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Bundled in the scrum of red and colorless cards from Oath of the Gatewatch — for the four hundred twenty-third and most recent episode of Top 8 Magic begins that venerable podcast’s world famous set review sequence with the aforementioned red and coloress cards — is the heretofore unheralded Reality Smasher.
To begin with, Reality Smasher is a 5/5 creature for five mana (5<>). There was a time when the stats alone would give a player pause. And Reality Smasher has not one, not two, but three abilities (one unique).
Compare to Baneslayer Angel:
Baneslayer Angel had four abilities, with flying and lifelink insanely relevant; and first strike and protection from demons and dragons somewhat less so. We’re not saying that Reality Smasher is necessarily as good as Baneslayer Angel, but Baneslayer Angel was declared the best large creature “of all time” by Pro Tour Hall of Famer (and two-time PT Champion) Brian Kibler as he used it to win an Extended Pro Tour. Baneslayer Angel was not only also the apex of Andre Coimbra’s Naya Lightsaber pyramid, but the pivot point around which large format creature fights revolved for several large events.
So for context’s sake Reality Smasher is similar size (5/5) for an [essentially] easier cost (4<> v. 3WW). It has only three abilities to Baneslayer Angel’s four abilities, but two of those abilities are haste and trample!
To begin with, haste is maybe the strongest of the default keyword abilities (competing, probably, with flying). And while Reality Smasher doesn’t have flying, trample does a nice proxy job (especially when combined with haste here). Of course it is the third, unique, ability that makes Reality Smasher interesting to talk about:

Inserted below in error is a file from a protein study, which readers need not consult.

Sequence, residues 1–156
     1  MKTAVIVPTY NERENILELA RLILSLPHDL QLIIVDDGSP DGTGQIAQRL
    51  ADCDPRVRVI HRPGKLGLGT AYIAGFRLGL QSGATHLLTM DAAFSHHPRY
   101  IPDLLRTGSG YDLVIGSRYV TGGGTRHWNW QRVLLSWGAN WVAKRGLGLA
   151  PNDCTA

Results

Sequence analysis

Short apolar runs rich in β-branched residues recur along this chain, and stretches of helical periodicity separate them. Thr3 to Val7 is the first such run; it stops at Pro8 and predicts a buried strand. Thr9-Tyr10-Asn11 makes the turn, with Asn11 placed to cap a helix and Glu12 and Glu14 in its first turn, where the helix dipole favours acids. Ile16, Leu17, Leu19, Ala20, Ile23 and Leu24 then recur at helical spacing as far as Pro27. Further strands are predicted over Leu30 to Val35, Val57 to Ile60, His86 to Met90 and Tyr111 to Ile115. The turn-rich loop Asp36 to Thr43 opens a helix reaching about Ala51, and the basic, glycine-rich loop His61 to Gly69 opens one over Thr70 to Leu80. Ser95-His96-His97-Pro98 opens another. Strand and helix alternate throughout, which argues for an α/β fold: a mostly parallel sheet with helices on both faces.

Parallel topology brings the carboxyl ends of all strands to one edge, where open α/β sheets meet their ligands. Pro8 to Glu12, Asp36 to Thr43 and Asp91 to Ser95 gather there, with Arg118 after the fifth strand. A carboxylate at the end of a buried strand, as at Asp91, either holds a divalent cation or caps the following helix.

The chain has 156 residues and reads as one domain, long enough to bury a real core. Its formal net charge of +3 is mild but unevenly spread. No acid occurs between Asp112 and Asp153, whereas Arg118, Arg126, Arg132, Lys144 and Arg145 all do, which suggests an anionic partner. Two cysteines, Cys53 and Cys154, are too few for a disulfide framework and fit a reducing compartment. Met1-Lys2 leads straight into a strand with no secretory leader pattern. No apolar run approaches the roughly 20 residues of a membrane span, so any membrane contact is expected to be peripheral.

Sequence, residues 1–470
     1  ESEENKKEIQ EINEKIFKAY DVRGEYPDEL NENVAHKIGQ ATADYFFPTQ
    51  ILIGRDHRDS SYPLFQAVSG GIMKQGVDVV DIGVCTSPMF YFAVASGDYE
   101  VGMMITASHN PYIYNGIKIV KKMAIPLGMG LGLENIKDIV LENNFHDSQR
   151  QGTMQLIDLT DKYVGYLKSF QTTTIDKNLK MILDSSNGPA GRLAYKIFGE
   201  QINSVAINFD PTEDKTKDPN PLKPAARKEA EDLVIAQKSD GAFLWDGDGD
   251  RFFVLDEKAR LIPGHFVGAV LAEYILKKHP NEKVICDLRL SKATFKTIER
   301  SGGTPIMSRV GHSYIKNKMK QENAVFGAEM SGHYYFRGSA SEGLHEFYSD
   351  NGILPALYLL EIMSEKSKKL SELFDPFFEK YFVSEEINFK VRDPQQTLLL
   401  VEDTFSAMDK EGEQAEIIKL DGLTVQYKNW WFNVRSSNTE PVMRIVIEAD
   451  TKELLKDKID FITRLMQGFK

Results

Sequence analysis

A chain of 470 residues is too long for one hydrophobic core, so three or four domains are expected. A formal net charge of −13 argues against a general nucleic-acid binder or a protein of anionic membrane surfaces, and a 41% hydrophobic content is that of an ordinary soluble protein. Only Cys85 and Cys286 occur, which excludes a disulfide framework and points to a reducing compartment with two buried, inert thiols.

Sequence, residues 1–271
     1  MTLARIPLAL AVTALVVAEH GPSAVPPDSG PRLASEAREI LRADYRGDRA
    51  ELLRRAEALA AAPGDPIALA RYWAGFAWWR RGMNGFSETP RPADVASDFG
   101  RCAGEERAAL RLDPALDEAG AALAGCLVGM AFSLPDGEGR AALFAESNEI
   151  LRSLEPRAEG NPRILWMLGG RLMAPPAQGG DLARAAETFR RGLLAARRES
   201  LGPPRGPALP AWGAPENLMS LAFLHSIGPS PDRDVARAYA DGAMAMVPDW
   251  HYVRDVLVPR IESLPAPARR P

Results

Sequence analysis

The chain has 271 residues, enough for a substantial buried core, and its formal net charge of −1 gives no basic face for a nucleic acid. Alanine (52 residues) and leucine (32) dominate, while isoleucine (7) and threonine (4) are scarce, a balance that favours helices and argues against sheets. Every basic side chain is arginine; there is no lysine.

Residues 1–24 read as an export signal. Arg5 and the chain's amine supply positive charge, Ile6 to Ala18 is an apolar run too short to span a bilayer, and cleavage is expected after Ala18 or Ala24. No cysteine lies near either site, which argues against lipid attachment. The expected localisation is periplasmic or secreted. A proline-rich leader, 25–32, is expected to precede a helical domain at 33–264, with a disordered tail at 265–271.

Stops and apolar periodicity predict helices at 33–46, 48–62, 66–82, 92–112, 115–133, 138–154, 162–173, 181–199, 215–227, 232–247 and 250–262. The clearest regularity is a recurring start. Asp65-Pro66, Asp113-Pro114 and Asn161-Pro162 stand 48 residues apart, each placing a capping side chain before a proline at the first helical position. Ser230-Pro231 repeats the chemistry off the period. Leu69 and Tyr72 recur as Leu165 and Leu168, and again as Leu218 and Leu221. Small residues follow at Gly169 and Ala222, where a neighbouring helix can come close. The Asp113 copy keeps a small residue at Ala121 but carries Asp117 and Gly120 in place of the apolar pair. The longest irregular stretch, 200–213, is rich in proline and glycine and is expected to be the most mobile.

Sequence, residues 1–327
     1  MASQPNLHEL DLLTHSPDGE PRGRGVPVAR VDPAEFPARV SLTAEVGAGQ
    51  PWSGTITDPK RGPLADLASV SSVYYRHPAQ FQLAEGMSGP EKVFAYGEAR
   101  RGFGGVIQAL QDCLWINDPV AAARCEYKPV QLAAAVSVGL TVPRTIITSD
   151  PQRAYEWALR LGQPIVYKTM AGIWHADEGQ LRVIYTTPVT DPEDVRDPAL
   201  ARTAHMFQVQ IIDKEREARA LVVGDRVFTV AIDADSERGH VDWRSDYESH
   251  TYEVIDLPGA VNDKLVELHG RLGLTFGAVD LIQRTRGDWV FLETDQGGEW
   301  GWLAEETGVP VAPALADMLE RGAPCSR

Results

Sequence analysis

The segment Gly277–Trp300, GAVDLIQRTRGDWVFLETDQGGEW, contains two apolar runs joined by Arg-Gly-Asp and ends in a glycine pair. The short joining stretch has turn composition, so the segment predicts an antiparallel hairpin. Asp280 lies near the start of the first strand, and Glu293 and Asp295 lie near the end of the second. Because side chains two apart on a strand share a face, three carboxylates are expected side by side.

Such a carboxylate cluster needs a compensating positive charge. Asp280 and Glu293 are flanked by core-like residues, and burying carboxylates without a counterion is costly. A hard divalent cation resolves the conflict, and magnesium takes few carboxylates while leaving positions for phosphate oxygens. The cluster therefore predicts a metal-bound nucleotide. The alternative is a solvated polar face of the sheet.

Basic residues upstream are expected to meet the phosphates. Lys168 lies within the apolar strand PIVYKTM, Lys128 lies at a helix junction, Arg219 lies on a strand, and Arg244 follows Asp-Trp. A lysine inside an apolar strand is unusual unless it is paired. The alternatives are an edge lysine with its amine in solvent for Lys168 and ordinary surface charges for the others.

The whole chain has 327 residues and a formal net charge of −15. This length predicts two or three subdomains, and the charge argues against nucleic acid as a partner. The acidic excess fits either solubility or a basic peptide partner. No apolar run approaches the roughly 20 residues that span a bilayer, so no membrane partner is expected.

Whenever Reality Smasher becomes the target of a spell an opponent controls, counter that spell unless its controller discards a card.
Here is something that Reality Smasher has, that Baneslayer Angel always took criticism for lacking: Some amount of resilience. No, this isn’t hexproof; the opponent can, in fact, target Reality Smasher with the veritable Doom Blade and force you to put your five drop into the graveyard. On balance, it can be costly for the opponent to do so because it is not one Doom Blade but two total cards that will be required… Meaning that disruption — specifically hand destruction — can be an effective setup strategy for this big creature. Think about how Reality Smasher might work well with Duress, Demonic Pact, or Thought-Knot Seer.
… The opponent might just not have the materiel to fight it!
Of course they did all the red and colorless cards, of which Reality Smasher was just one 🙂
Listen to “Top 8 Magic #423 – Oath of the Gatewatch Complete Review: Red & Colorless” now: